Tuesday, April 20, 2010

The Life and Legacy of Hermes Trismegistus

Vol. 3 No.4
The Life and Legacy of Hermes Trismegistus
by Jamie McGraw jemkym@mrbean.net.au
Who Was Hermes Trismegistus?
So many thousands of years have passed and so many scholars have written about the ancient gods and deities that it is difficult to decipher the being known as Hermes Trismegistus and separate fiction from fact.
Unfortunately, conflicting views exist on whether Hermes Trismegistus was a man or a god. Frances A. Yates suggests those living in Renaissance times believed he was a man: "It was on excellent authority that the Renaissance accepted Hermes Trismegistus as a real person of great antiquity and as the author of the Hermetic writings." A city known as Hermopolis that existed in Egypt in ancient times strengthens the claim.
Other scholars conjecture that different individuals completed the Hermetic writings over several hundred years. Perhaps the most important piece of evidence to back up this claim is the Syrian philosopher Iamblichus crediting Hermes with writing over 20,000 books and an Egyptian priest named Manetho crediting him with writing more than 36,000 books. Both of these men lived around 250-300 BC. Iamblichus went on to state he had seen forty-two of these books, thirty-six of which contained "the whole of human knowledge".
Many scholars have long held Hermes Trismegistus to be the equivalent of the Egyptian god Thoth, which certainly suggests he was not a real person. Frans A. Janssen subscribes to this view, describing Hermes Trismegistus as a "fictitious author" in his essay Dutch Translations of the Corpus Hermeticum. Anecdotal evidence suggests that Hermes was a man elevated to deity status and even if Hermes Trismegistus did not write the texts attributed to him, it is likely that a priest of the Egyptian god Thoth did. Others, such as Stock, state that Hermes Trismegistus was actually the grandson of the Hellenistic god Hermes, the messenger of the gods.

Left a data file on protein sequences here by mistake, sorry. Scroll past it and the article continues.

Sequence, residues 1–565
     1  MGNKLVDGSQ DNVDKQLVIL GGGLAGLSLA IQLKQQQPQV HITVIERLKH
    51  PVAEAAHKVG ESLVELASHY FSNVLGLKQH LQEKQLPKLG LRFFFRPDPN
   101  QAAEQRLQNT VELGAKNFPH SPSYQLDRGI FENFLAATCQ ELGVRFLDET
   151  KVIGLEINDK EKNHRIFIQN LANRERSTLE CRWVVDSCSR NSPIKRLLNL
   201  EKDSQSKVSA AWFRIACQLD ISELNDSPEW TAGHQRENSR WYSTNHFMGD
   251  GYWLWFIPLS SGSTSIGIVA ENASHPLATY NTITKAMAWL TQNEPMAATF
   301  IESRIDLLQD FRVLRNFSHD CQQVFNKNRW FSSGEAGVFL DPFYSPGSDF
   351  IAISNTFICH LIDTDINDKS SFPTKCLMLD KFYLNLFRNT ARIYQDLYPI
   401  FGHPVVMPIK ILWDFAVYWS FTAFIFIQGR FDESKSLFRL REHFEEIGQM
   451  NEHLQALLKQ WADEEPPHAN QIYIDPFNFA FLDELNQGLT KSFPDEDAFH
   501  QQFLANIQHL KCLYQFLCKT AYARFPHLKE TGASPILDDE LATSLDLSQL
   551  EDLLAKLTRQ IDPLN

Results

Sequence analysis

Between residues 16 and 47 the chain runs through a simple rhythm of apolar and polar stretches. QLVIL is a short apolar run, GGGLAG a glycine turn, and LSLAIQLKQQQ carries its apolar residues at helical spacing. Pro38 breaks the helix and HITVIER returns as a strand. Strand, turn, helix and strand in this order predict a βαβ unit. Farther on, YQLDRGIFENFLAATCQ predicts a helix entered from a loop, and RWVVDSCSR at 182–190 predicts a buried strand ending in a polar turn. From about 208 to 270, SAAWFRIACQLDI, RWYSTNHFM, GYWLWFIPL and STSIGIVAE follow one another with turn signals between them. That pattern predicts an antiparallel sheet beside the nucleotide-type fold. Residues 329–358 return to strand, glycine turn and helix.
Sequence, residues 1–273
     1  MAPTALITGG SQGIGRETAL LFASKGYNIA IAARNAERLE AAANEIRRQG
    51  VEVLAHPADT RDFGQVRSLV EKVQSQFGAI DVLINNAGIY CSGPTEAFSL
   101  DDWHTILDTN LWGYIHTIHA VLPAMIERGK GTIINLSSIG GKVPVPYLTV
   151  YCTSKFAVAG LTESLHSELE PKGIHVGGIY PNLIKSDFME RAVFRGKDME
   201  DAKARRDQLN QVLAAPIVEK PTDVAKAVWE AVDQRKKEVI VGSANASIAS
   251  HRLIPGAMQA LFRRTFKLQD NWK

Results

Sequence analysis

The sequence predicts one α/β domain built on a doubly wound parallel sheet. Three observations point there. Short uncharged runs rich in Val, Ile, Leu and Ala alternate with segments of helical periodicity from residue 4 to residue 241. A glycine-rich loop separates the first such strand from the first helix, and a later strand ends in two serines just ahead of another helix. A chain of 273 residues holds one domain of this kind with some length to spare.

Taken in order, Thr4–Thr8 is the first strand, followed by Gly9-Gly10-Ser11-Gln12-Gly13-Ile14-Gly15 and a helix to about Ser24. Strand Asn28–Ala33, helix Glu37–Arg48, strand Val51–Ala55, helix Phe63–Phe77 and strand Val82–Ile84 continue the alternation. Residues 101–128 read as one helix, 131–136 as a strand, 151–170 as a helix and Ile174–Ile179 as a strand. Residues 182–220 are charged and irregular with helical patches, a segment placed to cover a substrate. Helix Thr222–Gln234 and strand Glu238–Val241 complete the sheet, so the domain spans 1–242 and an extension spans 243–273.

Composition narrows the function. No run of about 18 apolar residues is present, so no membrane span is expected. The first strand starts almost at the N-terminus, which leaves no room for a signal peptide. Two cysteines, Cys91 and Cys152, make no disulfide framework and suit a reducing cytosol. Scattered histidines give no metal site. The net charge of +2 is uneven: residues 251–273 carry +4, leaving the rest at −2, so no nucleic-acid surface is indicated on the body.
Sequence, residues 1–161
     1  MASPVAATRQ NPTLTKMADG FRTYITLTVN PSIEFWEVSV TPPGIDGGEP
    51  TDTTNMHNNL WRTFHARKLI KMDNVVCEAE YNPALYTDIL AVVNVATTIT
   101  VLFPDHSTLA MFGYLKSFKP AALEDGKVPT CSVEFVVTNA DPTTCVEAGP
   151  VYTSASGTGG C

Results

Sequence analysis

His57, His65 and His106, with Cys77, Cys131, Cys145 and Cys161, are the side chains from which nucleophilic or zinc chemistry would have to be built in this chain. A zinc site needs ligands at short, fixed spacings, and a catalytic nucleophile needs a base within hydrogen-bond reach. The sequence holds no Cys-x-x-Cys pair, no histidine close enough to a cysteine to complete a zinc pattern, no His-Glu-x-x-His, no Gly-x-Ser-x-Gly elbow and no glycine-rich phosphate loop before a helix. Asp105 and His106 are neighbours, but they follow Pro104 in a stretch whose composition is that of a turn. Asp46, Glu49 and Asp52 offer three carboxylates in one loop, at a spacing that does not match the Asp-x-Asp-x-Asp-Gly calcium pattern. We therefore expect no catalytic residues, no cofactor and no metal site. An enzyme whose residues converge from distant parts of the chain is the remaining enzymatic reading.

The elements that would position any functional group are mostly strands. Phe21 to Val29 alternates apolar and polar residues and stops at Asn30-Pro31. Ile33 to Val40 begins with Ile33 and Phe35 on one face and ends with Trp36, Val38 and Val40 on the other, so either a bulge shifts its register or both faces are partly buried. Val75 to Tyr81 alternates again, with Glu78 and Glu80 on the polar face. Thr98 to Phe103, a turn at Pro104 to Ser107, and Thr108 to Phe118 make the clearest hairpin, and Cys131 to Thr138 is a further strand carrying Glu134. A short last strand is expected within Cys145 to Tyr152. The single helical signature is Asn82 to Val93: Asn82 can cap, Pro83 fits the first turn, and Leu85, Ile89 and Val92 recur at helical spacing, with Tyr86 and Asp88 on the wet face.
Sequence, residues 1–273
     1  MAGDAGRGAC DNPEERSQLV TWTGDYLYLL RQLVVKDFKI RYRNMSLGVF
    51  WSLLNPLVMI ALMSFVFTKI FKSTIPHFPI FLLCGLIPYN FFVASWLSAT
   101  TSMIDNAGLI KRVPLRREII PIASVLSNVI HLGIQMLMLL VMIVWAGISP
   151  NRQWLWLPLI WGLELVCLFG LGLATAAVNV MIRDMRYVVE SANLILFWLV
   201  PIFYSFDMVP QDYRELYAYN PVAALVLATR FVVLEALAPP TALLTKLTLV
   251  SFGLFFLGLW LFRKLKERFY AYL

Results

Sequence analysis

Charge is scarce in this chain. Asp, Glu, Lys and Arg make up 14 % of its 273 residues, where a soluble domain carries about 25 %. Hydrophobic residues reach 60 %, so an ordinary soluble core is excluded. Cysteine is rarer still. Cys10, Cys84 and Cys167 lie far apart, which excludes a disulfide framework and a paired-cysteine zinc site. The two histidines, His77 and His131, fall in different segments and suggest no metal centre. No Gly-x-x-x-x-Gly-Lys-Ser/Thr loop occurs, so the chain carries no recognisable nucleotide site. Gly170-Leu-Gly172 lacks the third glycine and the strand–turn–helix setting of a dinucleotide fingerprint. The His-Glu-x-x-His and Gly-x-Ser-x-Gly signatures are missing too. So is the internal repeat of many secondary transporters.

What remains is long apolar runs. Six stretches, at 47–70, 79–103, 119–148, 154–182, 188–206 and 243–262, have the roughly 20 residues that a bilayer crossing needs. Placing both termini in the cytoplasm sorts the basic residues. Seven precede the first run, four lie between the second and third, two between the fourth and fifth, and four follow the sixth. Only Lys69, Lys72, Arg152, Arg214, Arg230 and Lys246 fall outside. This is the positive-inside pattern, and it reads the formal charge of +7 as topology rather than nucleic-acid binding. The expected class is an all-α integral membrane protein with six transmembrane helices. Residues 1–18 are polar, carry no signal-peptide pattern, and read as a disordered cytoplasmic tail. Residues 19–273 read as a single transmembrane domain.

The word Trismegistus literally means "thrice-greatest" and some believe Hermes’ title may actually come from the Rosetta Stone. There are many theories on the acquisition of the name Trismegistus, but most academics believe Hermes acquired his name from the epithet used for the Egyptian god Thoth – "greatest and greatest god, great Hermes." Another popular and widely accepted interpretation of the term "Thrice Great" comes from Hermes’ reputation as the greatest philosopher, king and priest in the entire world.
The Emerald Tablet